Q&A: Admissions Tips with Admissions Coordinator Jill Rocca, OTD ‘08

Admissions Coordinator Jill Rocca, OTD ‘08, has been with the Tufts Occupational Therapy Department Admissions Team for over 15 years and offers tips for applying to the program.
Jill Rocca portrait

1) Why should someone study occupational therapy? 

Occupational therapy is a great field for so many reasons. First, you can do so many things with an OT degree. You can work with essentially any population from pediatrics to seniors, and in a variety of settings, like traditional rehab, community-based settings, educational settings, and mental health settings. OTs are also branching out into emerging and non-traditional settings, such as roles within prisons, businesses, and advocacy organizations. A wide variety of backgrounds are helpful in the field of OT. Many of our students enter the program with a background in health and science, but experience in the arts, business, or athletics is also very useful. With OT, you can really carve out a fulfilling career that channels your interests and passions.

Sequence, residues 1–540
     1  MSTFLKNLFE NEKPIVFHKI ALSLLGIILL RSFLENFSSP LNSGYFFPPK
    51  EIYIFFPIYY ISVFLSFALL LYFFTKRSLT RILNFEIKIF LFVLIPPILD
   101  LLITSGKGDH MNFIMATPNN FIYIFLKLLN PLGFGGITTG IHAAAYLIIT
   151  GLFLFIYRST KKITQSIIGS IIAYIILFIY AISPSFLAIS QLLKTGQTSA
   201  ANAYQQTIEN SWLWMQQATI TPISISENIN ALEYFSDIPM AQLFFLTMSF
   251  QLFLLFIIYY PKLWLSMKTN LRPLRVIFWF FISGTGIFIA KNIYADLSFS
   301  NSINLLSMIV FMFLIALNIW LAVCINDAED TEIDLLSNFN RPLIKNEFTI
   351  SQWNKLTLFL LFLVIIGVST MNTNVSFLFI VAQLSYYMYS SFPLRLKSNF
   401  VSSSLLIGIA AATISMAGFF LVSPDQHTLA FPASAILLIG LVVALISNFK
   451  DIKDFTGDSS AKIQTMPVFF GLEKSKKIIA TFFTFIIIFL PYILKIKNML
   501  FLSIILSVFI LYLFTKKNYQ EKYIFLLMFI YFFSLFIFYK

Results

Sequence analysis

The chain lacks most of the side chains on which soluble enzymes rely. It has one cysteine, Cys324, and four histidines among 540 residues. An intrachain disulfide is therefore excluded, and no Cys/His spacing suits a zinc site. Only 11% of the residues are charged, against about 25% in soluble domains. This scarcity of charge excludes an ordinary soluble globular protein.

Personally, I love being an occupational therapist because we have the opportunity to work with clients in a very close, client-centered way. We get to learn about their lives, hopes, dreams, interests, and families. We get to see what makes them tick and help them achieve their goals to enhance their health and well-being. OTs tend to be nurturers. When I was working in a community health setting, I’d come home brimming over and so happy because I saw so much progress in my clients. We’re able to help people in many different areas of their lives - it’s deeply fulfilling work.